Winter is coming. Last year Long Island saw a pretty mild winter, but things may be different this season. Some heavy snows might fall, so it is important to avoid hurting yourself when you’re outside shoveling.
Wear The Right Clothing
Dressing inappropriately for winter weather can cause some serious damage to your body. To keep your body insulated, but ventilated, wear light and layered clothes. Your feet and hands are particularly sensitive to snow, so properly insulated boots and gloves are a must to protect you from frostbite.
The Shovel Makes A Big Difference
You should find a snow shovel that is designed to keep your muscles moving correctly. Find an ergonomically designed lightweight shovel with a plastic blade that is easy for you to lift. This will avoid putting stress on your back. Shovels that are a proper length and have an adjustable handle help minimize bending.
Warm Up For The Cold
If your muscles are cold and tight, they are more prone to injury. Get your blood flowing by doing a warm up exercise before you get digging. A brisk walk can get your muscles warm. Light stretches are also a great start because flexible muscles will shovel with more ease and comfort.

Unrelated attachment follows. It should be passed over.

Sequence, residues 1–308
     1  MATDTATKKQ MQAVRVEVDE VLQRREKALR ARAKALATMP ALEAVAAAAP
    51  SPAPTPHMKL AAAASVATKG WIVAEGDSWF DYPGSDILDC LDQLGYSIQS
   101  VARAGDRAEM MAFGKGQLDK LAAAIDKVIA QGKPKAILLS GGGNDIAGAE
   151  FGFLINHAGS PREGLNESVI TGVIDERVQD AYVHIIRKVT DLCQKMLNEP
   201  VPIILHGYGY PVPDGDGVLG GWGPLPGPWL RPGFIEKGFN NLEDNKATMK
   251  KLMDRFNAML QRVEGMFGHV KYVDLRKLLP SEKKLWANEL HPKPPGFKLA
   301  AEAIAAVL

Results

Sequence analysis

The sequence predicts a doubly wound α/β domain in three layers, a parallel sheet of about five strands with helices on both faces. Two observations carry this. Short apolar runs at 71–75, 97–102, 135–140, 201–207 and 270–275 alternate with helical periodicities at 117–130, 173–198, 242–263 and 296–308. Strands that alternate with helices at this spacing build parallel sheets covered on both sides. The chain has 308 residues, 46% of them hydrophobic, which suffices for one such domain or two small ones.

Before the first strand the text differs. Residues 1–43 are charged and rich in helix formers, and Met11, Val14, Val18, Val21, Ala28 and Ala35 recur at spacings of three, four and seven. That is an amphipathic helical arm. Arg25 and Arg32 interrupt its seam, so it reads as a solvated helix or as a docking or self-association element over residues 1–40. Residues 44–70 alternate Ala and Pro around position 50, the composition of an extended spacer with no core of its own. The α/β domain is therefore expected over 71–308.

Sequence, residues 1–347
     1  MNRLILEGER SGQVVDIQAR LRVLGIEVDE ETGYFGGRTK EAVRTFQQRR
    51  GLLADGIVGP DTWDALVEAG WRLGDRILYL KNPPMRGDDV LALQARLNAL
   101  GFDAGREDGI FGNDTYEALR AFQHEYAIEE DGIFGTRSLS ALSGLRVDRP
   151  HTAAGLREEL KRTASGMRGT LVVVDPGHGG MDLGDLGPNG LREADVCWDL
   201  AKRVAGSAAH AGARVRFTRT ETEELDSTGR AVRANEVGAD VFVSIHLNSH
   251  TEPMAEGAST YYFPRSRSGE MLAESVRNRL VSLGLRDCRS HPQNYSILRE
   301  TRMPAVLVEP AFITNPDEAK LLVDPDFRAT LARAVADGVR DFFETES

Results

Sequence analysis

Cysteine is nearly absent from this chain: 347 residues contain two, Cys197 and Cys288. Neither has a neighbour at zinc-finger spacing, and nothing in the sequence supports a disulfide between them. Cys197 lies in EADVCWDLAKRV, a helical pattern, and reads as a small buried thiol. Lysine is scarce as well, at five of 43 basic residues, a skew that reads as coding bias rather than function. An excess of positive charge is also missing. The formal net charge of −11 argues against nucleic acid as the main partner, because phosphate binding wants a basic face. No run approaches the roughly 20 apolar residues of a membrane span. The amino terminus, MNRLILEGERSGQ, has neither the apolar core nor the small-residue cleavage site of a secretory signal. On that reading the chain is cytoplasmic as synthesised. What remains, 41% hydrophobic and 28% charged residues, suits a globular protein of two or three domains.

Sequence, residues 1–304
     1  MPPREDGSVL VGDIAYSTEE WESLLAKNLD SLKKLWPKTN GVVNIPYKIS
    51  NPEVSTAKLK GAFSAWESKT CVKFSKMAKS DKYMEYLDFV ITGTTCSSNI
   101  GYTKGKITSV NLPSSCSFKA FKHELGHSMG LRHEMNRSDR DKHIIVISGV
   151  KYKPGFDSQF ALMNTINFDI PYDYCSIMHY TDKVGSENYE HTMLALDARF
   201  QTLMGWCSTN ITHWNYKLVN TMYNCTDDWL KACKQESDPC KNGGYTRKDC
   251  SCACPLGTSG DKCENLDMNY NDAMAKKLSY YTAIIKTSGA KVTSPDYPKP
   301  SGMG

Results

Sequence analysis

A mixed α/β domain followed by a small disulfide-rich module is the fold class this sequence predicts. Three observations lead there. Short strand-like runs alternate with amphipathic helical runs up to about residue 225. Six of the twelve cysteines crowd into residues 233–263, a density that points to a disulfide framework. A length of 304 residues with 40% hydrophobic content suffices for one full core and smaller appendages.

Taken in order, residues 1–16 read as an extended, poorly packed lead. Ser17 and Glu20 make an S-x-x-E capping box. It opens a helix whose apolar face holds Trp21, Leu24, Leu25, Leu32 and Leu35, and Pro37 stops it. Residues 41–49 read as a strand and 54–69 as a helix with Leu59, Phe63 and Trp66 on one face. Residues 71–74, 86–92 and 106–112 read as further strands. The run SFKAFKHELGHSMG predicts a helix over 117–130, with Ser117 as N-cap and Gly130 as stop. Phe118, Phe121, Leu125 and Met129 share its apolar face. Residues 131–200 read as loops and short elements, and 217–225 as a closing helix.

It’s All In The Lift
You have probably heard it before: lift with your legs, not with your back. This holds true when it comes to snow shoveling, but there’s more to it. Practice these tips when you get out there.
- Keep Your Knees Bent: Your back can’t do all the work, so ben your knees and lift with your leg muscles. It’s important to keep your back straight so you can avoid stress on your spine muscles.
- Space Out Your Grip: When holding the shovel, keep one hand close to the blade and the other hand on the handle. This will help in avoiding upper back and neck pain.
- Don’t Do The Twist: As you move the load of snow in your shovel, keep your nose over your toes. Pivot your whole body in the direction of the new pile. Don’t reach out to throw the snow, but keep it close to your body and lay it down.
- Lighten Your Load: You may feel like shoveling large loads of snow in order to get the job done quicker, but heavy loads hurt. Shovel loads that don’t feel too heavy so you can save your body some pain and stress.
Time Is Of The Essence
Take your time while shoveling so you can reduce stress on your back and arms. Take a break about every ten minutes and do some light stretching. This will keep your body warmed up and your muscles getting overexerted.
Shoveling snow can cause serious damage to your body, especially your lower back and neck. Be careful out there this winter. If you have any questions or concerns about how to reduce pain risk by snow shoveling, Central Orthopedic is always just a phone call away!